5. I always cringe when I see cartloads of books waiting to be discarded at my library. Some are so dated that it is understandable they need to go and something new needs to take its place, but how do you weed fiction? That would be too hard for me!

  6. I wouldn't want to make those decisions either, but I have to say that I have benefited from some nice books from library book sales.

  7. Bluestalking - :) Good for you! What fun to be able to choose what to order. So much better than choosing what to discard!

    Danielle - Me, too! I'm afraid I'd make a list, and the powers that be would come back and say, "MORE! You must discard MORE!"

    Carl - I've benefitted from library book sales,too. That part isn't so bad.

  8. Just a note to let you all know that the library community is also aware of that Washington Post article which in turn has also been remarked upon by the Wall Street Journal and the American Spectator. Steven at Library Stuff has the links today:

    The Wall Street Journal certainly got me going - libraries are welfare for the middle-class?

  9. The Kingstown branch of the Fairfax County Library System was "my" library until I moved away about a year ago. I'm sorry to read that they are taking the statistical approach to deacquisitioning.

    Poor circulation numbers is not a good reason to remove Emily Dickinson's book from the shelves. But librarians don't want to take the responsibility for saying "This is a good book; it must remain available." That would be "judgemental," which we are taught is a very bad attitude.



  10. Thanks for the link, Jill! I'm glad to see that this policy is going to get further scrutiny. And I agree, if libraries are more concerned with best-sellers than good literature, then they are becoming welfare for the middle-class, rather than bastions of learning and culture. I followed several of the links and feel better about the situation. Let them discard an old Baldacci or Stephen King or John Grisham if circulation is down and something must go. But not Faulkner, Bronte, or Proust.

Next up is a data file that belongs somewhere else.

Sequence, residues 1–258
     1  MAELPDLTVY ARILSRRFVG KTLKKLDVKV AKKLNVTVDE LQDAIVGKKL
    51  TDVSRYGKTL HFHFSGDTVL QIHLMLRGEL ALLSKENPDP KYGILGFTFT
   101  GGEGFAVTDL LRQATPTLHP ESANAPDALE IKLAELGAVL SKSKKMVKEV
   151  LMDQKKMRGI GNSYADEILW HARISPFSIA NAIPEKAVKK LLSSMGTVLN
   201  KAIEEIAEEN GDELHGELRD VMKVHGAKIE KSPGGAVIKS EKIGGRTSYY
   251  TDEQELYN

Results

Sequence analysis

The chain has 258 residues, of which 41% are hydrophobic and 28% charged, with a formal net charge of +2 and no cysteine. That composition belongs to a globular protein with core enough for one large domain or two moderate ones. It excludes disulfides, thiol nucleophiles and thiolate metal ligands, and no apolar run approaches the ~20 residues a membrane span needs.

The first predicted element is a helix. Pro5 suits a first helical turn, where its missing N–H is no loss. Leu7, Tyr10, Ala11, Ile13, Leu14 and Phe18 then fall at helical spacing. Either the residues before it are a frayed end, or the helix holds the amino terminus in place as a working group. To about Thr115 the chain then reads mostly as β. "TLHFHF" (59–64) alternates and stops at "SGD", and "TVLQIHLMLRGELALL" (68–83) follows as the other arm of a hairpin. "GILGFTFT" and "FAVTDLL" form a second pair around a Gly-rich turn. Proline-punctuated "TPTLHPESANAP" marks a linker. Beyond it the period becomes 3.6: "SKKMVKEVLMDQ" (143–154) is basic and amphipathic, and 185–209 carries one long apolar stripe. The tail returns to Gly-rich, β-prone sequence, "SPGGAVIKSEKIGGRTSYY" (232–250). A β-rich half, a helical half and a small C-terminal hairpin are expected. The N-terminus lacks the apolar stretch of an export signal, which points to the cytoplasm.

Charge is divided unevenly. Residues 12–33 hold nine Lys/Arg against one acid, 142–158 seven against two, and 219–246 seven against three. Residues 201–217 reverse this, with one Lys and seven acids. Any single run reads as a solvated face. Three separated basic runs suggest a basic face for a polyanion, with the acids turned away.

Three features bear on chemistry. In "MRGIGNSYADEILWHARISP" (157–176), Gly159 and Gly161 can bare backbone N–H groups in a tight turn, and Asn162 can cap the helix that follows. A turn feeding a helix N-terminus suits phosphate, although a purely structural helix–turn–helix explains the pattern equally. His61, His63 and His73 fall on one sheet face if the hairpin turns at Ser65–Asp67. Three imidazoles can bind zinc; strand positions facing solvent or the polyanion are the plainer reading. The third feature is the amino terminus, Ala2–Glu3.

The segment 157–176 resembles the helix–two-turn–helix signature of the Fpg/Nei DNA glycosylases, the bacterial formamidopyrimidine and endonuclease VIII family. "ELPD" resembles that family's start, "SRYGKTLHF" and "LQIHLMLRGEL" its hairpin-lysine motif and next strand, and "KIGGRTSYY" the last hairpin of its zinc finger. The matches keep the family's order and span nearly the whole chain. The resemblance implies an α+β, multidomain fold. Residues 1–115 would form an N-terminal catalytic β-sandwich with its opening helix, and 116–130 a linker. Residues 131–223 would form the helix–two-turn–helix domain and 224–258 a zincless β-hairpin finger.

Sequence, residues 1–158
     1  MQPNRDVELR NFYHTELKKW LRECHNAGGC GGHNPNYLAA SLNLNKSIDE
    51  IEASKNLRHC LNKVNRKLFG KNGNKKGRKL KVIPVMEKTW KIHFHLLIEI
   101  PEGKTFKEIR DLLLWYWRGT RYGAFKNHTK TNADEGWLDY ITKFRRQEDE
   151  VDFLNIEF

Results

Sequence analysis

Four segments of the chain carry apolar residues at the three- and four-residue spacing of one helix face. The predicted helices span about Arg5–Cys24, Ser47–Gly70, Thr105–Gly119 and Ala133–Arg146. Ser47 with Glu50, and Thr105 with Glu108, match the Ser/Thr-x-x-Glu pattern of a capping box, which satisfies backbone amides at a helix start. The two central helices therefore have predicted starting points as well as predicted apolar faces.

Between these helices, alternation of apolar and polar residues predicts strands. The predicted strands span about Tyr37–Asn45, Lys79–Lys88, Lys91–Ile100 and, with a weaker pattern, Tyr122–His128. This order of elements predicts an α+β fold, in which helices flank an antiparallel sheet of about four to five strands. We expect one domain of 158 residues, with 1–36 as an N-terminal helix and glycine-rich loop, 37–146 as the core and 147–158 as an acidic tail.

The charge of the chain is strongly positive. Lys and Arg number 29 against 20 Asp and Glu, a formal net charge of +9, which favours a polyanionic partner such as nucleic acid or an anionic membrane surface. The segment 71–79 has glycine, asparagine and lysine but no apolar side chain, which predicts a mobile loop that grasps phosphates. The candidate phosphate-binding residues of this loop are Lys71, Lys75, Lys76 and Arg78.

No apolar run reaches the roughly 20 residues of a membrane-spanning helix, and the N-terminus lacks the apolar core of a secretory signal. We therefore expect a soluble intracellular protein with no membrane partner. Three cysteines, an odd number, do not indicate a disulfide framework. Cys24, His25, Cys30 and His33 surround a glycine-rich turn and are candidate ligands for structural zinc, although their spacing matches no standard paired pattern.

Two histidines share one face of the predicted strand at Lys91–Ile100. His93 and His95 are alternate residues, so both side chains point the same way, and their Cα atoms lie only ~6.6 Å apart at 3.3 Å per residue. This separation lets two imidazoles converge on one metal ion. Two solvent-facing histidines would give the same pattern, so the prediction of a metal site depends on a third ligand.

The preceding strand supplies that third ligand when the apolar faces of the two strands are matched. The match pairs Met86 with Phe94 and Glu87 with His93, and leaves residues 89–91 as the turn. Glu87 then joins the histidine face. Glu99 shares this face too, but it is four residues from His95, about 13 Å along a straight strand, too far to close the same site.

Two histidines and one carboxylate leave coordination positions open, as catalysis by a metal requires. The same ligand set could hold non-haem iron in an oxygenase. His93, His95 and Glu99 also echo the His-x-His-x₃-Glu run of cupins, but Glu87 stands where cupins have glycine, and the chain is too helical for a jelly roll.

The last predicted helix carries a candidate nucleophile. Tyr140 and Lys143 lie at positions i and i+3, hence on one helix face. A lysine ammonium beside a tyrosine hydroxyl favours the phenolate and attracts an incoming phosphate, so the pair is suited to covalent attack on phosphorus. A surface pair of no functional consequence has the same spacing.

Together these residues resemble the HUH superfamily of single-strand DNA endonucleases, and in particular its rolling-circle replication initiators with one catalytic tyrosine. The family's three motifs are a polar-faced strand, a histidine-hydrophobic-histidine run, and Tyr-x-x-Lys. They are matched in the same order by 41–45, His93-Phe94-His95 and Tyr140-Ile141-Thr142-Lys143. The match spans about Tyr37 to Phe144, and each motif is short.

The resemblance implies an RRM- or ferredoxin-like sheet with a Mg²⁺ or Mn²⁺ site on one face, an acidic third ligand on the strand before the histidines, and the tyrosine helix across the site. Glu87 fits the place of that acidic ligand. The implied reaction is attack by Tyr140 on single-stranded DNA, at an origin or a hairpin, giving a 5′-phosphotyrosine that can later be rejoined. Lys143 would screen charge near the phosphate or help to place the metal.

Mary - I expect librarians to be well-read and knowledgable enough to make good decisions. How sad to think that they are being taught to abandon one of the most crucial assets of any reader.

  11. Hope you enjoy "Break, Burn, Blow." It's Camille as teacher, and any book that allows us to read more poetry is always welcomed. I remember it as the book I read on Christmas in 2005. Odd, how I can pin a date on certain books.

    How long have you been doing Tai Chi?

  12. dark orpheous - I am really looking forward to this book, partly because of the poems mentioned. I love seeing what others think about my favorites, and I also enjoy it when they can make me re-evaluate something I didn't care that much for.

    I've been doing Tai Chi for 5 1/2 years. It has many of the same effects as Yoga, but is in continual motion.

  13. I'm also a librarian. Weeding is one of those horrid necessities, both from the standpoint of shelf space and the ravages of non-acid-free paper. I'm lucky: we all weed, but we also pass our weeding carts past another librarian, so we rarely lose something shameful - although I have had to fight for things like complete editions of Henry James!


  14. I wonder about donating the books to libraries that have very little and can't afford new books...